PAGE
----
Original languageEnglish (US)
Pages (from-to)1051-1064
Number of pages14
JournalHeadache
Volume57
Issue number7
DOIs
StatePublished - Jul 1 2017

Fingerprint

Migraine Disorders
Brain
Hyperalgesia
Magnetic Resonance Imaging
Headache
Epilepsy
Publications

Keywords

  • allodynia
  • brain structure
  • brain volume
  • classification
  • cortical surface area
  • cortical thickness
  • factor mixture model
  • headache
  • magnetic resonance imaging
  • migraine
  • multimodality factor mixture model

ASJC Scopus subject areas

  • Neurology
  • Clinical Neurology

Cite this

Migraine Subclassification via a Data-Driven Automated Approach Using Multimodality Factor Mixture Modeling of Brain Structure Measurements. / Schwedt, Todd J; Si, Bing; Li, Jing; Wu, Teresa; Chong, Catherine D.

In: Headache, Vol. 57, No. 7, 01.07.2017, p. 1051-1064.

Research output: Contribution to journalArticle

@article{0e736899f739479d9475d1fb0088edb6,
title = "Migraine Subclassification via a Data-Driven Automated Approach Using Multimodality Factor Mixture Modeling of Brain Structure Measurements",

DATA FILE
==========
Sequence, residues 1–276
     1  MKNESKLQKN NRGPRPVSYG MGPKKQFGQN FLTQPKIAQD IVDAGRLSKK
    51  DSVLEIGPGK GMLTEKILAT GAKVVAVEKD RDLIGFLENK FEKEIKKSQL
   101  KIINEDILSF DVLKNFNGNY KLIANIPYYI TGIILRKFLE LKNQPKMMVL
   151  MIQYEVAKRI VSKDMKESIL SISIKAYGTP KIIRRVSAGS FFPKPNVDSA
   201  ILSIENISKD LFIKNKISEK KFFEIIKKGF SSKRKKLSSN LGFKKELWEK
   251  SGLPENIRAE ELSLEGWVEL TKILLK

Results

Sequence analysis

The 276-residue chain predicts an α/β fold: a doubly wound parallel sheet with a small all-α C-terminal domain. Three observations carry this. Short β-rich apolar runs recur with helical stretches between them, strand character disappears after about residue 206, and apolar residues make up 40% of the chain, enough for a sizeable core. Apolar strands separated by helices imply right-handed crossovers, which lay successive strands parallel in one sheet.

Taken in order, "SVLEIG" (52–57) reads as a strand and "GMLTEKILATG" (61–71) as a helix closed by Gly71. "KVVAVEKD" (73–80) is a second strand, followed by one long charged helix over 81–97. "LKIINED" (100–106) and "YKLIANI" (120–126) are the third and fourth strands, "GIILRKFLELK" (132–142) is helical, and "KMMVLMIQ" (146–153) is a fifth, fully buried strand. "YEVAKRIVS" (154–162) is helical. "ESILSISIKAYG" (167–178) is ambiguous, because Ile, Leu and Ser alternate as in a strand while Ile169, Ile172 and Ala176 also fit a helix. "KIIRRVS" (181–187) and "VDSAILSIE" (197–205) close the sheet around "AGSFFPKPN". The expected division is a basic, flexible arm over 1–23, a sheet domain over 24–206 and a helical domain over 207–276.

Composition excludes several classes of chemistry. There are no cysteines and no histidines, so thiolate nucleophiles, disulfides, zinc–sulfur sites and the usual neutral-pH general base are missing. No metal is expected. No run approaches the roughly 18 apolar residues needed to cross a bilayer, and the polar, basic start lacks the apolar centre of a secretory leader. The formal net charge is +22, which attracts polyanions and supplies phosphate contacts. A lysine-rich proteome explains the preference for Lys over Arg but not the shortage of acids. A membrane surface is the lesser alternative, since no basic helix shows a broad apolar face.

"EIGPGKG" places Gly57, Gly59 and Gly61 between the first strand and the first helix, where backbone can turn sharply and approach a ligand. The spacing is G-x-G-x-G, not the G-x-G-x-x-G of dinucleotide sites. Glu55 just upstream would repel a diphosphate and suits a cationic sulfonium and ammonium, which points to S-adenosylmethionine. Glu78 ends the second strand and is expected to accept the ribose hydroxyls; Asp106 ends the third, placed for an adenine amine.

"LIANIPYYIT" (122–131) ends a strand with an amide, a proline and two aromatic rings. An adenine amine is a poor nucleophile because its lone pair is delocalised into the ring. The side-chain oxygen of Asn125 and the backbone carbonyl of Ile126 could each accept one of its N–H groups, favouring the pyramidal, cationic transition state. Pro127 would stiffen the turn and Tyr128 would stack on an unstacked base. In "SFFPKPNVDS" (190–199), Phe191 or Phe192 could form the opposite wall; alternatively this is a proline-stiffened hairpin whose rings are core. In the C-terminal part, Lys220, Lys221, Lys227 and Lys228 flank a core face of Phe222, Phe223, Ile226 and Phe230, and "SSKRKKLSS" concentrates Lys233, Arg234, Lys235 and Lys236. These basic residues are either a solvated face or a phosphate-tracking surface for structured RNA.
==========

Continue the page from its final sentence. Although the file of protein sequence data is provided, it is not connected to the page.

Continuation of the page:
abstract = "Background: The current subclassification of migraine is according to headache frequency and aura status. The variability in migraine symptoms, disease course, and response to treatment suggest the presence of additional heterogeneity or subclasses within migraine. Objective: The study objective was to subclassify migraine via a data-driven approach, identifying latent factors by jointly exploiting multiple sets of brain structural features obtained via magnetic resonance imaging (MRI). Methods: Migraineurs (n = 66) and healthy controls (n = 54) had brain MRI measurements of cortical thickness, cortical surface area, and volumes for 68 regions. A multimodality factor mixture model was used to subclassify MRIs and to determine the brain structural factors that most contributed to the subclassification. Clinical characteristics of subjects in each subgroup were compared. Results: Automated MRI classification divided the subjects into two subgroups. Migraineurs in subgroup #1 had more severe allodynia symptoms during migraines (6.1 ± 5.3 vs. 3.6 ± 3.2, P =.03), more years with migraine (19.2 ± 11.3 years vs 13 ± 8.3 years, P =.01), and higher Migraine Disability Assessment (MIDAS) scores (25 ± 22.9 vs 15.7 ± 12.2, P =.04). There were not differences in headache frequency or migraine aura status between the two subgroups. Conclusions: Data-driven subclassification of brain MRIs based upon structural measurements identified two subgroups. Amongst migraineurs, the subgroups differed in allodynia symptom severity, years with migraine, and migraine-related disability. Since allodynia is associated with this imaging-based subclassification of migraine and prior publications suggest that allodynia impacts migraine treatment response and disease prognosis, future migraine diagnostic criteria could consider allodynia when defining migraine subgroups.",